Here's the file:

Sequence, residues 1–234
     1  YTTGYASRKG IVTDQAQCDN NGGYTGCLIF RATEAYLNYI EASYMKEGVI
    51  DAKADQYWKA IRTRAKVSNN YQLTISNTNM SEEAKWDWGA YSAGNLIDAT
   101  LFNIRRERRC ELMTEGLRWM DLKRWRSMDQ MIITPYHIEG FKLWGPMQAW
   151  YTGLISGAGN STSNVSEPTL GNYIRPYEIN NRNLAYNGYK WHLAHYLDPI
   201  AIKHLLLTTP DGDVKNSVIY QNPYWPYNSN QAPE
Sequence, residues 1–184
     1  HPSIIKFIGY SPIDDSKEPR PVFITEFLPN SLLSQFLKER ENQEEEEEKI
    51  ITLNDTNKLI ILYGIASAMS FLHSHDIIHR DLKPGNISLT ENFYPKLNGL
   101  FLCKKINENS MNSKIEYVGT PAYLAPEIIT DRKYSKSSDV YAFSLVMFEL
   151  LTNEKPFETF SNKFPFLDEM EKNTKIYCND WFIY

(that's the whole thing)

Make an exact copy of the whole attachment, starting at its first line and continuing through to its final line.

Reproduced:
Sequence, residues 1–234
     1  YTTGYASRKG IVTDQAQCDN NGGYTGCLIF RATEAYLNYI EASYMKEGVI
    51  DAKADQYWKA IRTRAKVSNN YQLTISNTNM SEEAKWDWGA YSAGNLIDAT
   101  LFNIRRERRC ELMTEGLRWM DLKRWRSMDQ MIITPYHIEG FKLWGPMQAW
   151  YTGLISGAGN STSNVSEPTL GNYIRPYEIN NRNLAYNGYK WHLAHYLDPI
   201  AIKHLLLTTP DGDVKNSVIY QNPYWPYNSN QAPE
Sequence, residues 1–184
     1  HPSIIKFIGY SPIDDSKEPR PVFITEFLPN SLLSQFLKER ENQEEEEEKI
    51  ITLNDTNKLI ILYGIASAMS FLHSHDIIHR DLKPGNISLT ENFYPKLNGL
   101  FLCKKINENS MNSKIEYVGT PAYLAPEIIT DRKYSKSSDV YAFSLVMFEL
   151  LTNEKPFETF SNKFPFLDEM EKNTKIYCND WFIY